Tazewell County 911 celebrates 25 years of service
Apr. 14—TAZEWELL, Va. — A 911 dispatcher who remembers the days when she had to use paper maps because there were no computers and ask for phone numbers because there was no caller ID was recognized along with her peers Wednesday when the Tazewell County 911 celebrated its 25th year of operations.
The Tazewell County 911 Center started operations on April 23, 1997. To celebrate the approaching anniversary, current dispatchers and their retired colleagues were treated to a luncheon at the adjoining Tazewell County Sheriff's Office.
Christina Shinall, 25-year-veteran of the 911 center, received special recognition including a crystal award and Senate of Virginia Resolution. Senator Travis Hackworth, R-Tazewell County, visited the celebration to present Shinall with Senate Resolution No. 63.
Shinall is a certified emergency medical technician and previously worked as a volunteer medic and ambulance driver for the Richlands Rescue Squad, Hackworth read from the resolution. She joined the Tazewell County 911 Center as a dispatcher in 1997 as a dispatcher and helped guide the center through significant growth and technological advances over the years, having started at a time when the center had only two dispatch consoles and no computerized maps or call logs.
Sheriff Brian Hieatt said that while some dispatchers have lasted only a day because of the often stressful job, Shinall has served with the 911 center for all of its 25 years.
"I was one of the very first ones," Shinall recalled. "I was working part time. I first started in 1997, and I became full time in April of 1999; and I've been here ever since. I just love the job. It's just always something different, always something unexpected or new. Sometimes good, sometimes bad. It's just something that I enjoy. I didn't think I would when I first started, but I do love it."
Shinall remembers the very first day when the county's 911 center went into operation.
"We had a lot of people calling just to make sure that it worked," she said."We had a lot of elderly males and females that would call and just say we're OK today, we're doing fine, we're just making sure it works and that somebody would be there. and it was just nice to let them know we were there if they needed us."
Hieatt said that the 911 center has been doing a lot of special activities this week not only because it's the center's 25th anniversary, but because it's also National Telecommunicators Week. The anniversary was also a good time to recognize Shinall for her years of service.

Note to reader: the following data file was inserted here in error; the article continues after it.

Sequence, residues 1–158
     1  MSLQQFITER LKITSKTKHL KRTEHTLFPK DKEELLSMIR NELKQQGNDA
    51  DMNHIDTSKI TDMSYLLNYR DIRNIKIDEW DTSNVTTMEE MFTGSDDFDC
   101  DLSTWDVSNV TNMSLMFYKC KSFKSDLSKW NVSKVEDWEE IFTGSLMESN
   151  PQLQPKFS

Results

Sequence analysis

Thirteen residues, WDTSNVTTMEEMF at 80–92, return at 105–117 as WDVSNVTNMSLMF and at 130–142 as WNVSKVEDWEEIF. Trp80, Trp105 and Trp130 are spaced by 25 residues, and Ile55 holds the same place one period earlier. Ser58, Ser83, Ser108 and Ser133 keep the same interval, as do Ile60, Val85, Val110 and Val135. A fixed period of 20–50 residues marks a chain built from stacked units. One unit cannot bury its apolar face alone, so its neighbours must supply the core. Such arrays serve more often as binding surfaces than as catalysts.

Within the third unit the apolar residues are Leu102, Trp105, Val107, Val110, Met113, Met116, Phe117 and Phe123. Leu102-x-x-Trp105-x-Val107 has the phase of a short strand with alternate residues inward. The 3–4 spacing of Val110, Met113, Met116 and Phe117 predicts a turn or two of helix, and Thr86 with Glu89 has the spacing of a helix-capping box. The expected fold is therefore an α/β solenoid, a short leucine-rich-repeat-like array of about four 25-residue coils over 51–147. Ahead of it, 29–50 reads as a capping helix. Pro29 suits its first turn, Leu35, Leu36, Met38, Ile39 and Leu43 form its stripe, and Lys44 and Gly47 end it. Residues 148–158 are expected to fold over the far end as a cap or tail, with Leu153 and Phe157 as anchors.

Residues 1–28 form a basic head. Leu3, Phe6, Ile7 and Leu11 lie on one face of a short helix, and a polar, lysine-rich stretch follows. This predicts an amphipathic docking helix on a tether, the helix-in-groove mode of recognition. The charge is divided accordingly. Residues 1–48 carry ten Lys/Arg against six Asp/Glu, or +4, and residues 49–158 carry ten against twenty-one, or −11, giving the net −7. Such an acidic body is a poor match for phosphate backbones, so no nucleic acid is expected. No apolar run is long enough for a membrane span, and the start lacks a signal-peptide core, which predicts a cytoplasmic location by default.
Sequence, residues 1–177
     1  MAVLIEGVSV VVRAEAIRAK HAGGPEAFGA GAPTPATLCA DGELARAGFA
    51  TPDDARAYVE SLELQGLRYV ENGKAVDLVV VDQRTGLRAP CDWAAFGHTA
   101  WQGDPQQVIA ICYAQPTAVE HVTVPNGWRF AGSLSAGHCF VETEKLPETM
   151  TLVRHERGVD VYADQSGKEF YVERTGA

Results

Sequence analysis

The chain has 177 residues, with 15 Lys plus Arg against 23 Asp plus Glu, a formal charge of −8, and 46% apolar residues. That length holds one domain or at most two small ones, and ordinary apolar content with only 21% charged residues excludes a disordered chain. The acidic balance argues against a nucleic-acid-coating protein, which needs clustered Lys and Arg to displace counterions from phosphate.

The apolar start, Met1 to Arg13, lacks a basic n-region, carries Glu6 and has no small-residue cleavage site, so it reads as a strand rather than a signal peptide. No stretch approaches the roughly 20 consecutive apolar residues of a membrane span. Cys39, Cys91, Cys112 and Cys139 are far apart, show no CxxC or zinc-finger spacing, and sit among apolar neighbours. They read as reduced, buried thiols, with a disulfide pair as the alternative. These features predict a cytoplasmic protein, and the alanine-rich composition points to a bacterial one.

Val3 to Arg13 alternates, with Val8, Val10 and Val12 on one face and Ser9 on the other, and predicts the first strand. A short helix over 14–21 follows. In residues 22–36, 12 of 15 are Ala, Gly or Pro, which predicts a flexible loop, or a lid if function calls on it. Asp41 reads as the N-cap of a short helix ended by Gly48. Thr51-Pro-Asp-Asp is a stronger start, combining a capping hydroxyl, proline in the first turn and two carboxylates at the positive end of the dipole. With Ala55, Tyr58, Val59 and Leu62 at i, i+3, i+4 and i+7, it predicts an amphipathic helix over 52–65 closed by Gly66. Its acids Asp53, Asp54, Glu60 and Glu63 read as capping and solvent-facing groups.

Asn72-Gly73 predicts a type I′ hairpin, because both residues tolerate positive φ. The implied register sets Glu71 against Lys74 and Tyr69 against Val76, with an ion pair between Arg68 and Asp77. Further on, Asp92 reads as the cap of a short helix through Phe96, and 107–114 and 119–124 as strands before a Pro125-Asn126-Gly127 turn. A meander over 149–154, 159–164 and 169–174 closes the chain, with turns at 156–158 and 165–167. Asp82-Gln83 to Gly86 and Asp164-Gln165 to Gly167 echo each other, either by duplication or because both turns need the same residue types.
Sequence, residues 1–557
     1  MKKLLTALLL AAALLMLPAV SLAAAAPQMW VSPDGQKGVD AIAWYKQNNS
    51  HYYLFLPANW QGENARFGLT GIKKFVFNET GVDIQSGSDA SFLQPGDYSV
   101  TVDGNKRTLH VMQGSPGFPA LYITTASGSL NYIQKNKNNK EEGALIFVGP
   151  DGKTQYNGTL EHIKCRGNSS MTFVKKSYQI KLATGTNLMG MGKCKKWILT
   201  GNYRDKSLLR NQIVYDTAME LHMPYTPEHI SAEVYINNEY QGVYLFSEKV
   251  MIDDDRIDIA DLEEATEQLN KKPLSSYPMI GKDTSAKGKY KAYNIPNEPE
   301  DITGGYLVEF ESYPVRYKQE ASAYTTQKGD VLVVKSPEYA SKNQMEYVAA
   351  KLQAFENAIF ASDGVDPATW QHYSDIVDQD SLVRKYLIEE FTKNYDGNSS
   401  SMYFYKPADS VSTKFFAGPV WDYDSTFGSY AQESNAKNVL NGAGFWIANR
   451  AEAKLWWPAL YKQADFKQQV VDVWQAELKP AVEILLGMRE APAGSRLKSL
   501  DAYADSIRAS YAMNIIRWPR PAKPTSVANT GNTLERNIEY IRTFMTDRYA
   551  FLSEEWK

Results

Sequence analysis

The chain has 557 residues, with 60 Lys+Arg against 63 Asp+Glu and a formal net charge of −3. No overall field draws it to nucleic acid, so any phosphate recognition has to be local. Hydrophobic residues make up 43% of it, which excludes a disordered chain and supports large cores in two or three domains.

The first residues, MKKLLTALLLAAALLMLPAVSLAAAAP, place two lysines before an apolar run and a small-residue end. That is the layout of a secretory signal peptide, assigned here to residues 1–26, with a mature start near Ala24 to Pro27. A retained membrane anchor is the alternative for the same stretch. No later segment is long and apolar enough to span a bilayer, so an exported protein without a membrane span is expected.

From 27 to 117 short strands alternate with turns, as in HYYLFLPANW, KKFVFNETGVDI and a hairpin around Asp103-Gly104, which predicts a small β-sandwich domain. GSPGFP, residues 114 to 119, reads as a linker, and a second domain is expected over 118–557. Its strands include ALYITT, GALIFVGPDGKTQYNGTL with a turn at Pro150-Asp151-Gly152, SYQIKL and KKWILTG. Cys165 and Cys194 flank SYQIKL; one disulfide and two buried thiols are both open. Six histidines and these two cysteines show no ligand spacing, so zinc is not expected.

"We just think this is quite an accomplishment, because to be a 911 dispatcher is such a stressful job; so much goes on and so much is expected, and to do that job for 25 years straight. and she has done an awesome job," Hieatt said of Shinall's career.
Randy Ann Davis, the 911 center's director, presented Shinall with the award recognizing her 25 years of service.
Davis remembered the times when dispatchers had to use books full of paper maps and maps up on the wall to find callers' locations. These maps didn't include home numbers or any of the information that's more readily available today thanks to computers. Dispatchers had to use regular office phones when the center first opened, but today they have headsets that let them walk around the dispatch center and serve callers at the same time.
Hieatt said that the center now has "top of the line" technology.
Chief Deputy Major Harold Heatley remembered how Shinall, who he refers to as Chrissy, and other dispatchers have helped him and others in law enforcement for years.
"When I first started in law enforcement with Virginia and was with the Town of Tazewell, Chrissy was one of the dispatchers who touched my life," Heatley said. "I had about seven of them that really had an impact. Chrissy is one of my all-time favorites. I love her to death."
"To talk about the lives that she's touched, not only the citizens, the people who have called in distress that she's dealth with, but the deputies and the officers and the troopers and the fire and the EMS folks you have had contact with; in all my years, I have never had anybody to say a negative thing about Chrissy, and I mean that," he said.
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